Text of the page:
Climate change will have a serious impact on sexual and reproductive health and rights. Heat worsens maternal and neonatal health outcomes, with research suggesting that an increase of one degree Celsius in the week before delivery corresponds with a six per cent greater likelihood of stillbirth.
The impact of climate change is expected to double humanitarian response needs by 2030. With more widespread displacements anticipated, the demands on the humanitarian response system to address the needs of those affected, especially those relating to their sexual and reproductive health and gender-based violence, will grow substantially.
With increasing drought, women and girls are expected to travel longer distances to collect water and firewood, exposing them to sexual and gender-based violence. The destruction of households and livelihoods, and the loss of livestock and crops due to severe drought, have become a reality for communities hard hit by climate change. In some cases, this loss of livelihood leads to increases in transactional sex and the risk of teenage preganancies.
During disasters, health services – including sexual and reproductive health services – are often limited and at times not available, which means that more women give birth without much-needed medical support. In addition, women’s and girl's ability to manage their menstruation with dignity is impaired when there is a lack of clean water and menstrual products.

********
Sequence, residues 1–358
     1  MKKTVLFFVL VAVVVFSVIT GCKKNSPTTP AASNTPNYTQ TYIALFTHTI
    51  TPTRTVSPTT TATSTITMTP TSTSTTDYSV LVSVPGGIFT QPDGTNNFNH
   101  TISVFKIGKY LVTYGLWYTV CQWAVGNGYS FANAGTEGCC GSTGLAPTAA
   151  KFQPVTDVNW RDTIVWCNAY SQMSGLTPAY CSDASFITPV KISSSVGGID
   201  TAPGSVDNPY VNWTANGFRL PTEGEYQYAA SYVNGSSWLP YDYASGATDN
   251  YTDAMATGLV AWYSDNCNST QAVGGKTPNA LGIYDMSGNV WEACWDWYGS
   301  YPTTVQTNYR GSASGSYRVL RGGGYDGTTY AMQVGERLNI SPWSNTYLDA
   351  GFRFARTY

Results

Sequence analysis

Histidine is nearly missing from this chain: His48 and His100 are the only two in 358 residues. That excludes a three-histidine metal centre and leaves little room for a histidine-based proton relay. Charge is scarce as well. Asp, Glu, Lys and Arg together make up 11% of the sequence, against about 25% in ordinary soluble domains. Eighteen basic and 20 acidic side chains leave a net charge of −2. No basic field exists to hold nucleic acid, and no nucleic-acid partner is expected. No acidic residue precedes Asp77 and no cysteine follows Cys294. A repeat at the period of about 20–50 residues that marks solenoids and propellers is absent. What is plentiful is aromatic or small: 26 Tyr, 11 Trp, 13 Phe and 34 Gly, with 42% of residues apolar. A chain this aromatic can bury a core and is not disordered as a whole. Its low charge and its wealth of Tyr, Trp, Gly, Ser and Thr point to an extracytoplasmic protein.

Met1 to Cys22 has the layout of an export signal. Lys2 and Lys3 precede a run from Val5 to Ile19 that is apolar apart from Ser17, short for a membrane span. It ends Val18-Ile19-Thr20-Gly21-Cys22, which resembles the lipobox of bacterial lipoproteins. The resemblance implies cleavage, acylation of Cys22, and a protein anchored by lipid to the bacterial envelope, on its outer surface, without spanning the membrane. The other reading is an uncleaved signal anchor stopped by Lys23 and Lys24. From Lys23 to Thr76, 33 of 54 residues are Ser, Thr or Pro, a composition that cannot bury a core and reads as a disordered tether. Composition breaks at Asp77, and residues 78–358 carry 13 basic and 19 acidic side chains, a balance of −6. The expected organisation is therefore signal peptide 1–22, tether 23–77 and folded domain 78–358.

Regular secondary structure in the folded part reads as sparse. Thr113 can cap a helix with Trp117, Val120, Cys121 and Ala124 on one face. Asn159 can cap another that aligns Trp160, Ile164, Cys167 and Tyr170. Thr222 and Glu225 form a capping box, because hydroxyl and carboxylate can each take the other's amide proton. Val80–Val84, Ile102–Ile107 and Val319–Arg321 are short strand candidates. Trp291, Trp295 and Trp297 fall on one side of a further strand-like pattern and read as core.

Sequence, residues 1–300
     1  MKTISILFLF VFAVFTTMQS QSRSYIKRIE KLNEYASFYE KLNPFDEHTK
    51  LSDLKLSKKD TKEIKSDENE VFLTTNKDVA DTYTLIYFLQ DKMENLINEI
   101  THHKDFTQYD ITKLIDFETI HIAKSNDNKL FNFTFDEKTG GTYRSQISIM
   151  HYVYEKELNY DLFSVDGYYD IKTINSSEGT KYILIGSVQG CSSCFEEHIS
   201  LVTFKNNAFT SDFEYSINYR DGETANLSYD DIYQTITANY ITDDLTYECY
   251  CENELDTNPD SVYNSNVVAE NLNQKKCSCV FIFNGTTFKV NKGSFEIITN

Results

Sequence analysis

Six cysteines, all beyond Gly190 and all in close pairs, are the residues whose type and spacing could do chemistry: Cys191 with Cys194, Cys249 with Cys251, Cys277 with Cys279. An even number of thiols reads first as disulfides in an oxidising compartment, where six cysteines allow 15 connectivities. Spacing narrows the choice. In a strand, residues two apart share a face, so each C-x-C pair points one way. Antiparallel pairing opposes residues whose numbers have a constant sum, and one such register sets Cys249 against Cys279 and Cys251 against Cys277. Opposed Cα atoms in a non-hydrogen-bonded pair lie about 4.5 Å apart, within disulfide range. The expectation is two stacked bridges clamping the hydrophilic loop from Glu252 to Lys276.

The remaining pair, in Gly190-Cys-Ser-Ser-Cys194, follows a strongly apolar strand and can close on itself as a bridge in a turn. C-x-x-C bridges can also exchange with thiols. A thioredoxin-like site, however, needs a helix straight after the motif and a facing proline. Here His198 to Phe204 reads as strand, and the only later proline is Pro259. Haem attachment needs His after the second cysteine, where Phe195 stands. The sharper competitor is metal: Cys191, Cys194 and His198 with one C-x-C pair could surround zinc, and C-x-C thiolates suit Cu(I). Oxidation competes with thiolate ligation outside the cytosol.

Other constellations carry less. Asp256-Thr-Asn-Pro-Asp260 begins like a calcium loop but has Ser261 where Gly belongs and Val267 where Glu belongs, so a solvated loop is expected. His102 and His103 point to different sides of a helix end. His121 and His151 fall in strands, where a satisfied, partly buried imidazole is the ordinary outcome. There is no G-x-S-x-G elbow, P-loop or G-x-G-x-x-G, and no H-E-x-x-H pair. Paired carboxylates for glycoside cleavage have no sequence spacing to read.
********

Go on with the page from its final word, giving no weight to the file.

When a climate-related disaster strikes, women and girls are at greater risk of gender-based violence. Girls who are unable to attend school if they are displaced, for instance, risk being married off early by parents who can no longer afford to look after them if they have lost their livelihoods. A girl married off to a much older man is at greater risk of intimate partner violence due to the power imbalance in the relationship.
For many women and girls, and other marginalized and vulnerable groups of people, as well as those with disabilities, the impact of climate change worsens their already existing challenges and vulnerabilities. Current efforts to adapt to climate change are simply not sufficient, nor are they designed to prevent the disproportionate impact on these groups of people.